For those of you not with us last post, this is Talbot House, in Poperinge.
And this, in the garden, is the Talbot House Slessorium.
The Slessorium, of course. What did you think I said?
In the years following the war, families and veterans from all over the United Kingdom and elsewhere returned to Flanders to see where their loved ones fought and died, or to pay their respects at the graves of fallen comrades, or simply to visit old haunts, which for many would include Poperinge, and inevitably Talbot House.
And this exhibition within the Slessorium,…
…the what? No, okay, we’ve done that to death. After the war Maurice Coevoet, the owner of the house who had leased it to the British Army during the war years, moved back in, and for a number of years, probably understandably, he refused entry to the pilgrims who would turn up, unannounced, on his front doorstep. In time he was persuaded to allow groups to view the house at prearranged times, and, perhaps inevitably, in 1929 he decided to sell up and move. With financial support from Lord Wakefield of Hythe the house passed into the hands of the “Talbot House de Poperinghe” Association, whose secretary, Major Paul Slessor (now you see where we’re going), began to renovate the house to cater for the many battlefield visitors, and in the garden he built a bathhouse for their use, which became known as the Slessorium.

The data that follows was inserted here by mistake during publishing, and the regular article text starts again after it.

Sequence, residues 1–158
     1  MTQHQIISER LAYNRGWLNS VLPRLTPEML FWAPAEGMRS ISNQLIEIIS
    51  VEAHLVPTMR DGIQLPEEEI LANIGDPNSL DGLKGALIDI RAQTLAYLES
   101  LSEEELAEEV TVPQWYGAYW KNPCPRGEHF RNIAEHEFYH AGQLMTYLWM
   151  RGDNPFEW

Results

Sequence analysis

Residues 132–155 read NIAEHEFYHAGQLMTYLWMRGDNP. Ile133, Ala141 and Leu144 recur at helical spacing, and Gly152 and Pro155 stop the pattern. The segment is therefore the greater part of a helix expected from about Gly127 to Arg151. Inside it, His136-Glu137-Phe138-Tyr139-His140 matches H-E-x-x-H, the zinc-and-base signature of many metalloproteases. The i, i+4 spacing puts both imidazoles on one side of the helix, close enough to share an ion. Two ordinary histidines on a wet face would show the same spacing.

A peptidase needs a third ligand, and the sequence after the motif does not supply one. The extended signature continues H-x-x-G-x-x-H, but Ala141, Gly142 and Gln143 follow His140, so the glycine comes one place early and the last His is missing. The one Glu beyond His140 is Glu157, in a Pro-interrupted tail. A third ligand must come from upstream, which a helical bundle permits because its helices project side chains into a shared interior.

And here it is soon after construction, I would think, with a look inside in the inset.
So, as I was saying, today, this exhibition within the Slessorium (back on track now) tells their story.
The panels are self-explanatory,…
…and all enlarge big enough for you to read the text,…
…so I am going to put my feet up for the next part of this post while you have a look at the exhibition from the comfort of your own chaise longues. Click all or any to enlarge.
A Final Word
Fast forward thirty years or so. Now I knew about this appearance, but I never thought I’d uncover some stills from the presumably long gone film:
So here’s Tubby Clayton looking utterly bemused by the whole ‘This Is Your Life’ experience in February 1958. I have added the arrow as he’s about the only person who is obscured in the first picture.
I gather Tubby became rather exasperated that he was unable to converse with old friends for more than a few seconds before they were whisked away to make room for the next guest. Referring to Tubby’s life as ‘a story so eminently worth telling, about so famous a personality’, a newspaper review bemoaned ‘It is the camera that holds the face in close-up that one dislikes; the tricks of the trade, the pompous recital of Eamonn Andrews, the pinning down of the specimen whether with or without his consent’. The programme was still causing controversy for the BBC, despite this being Series Three!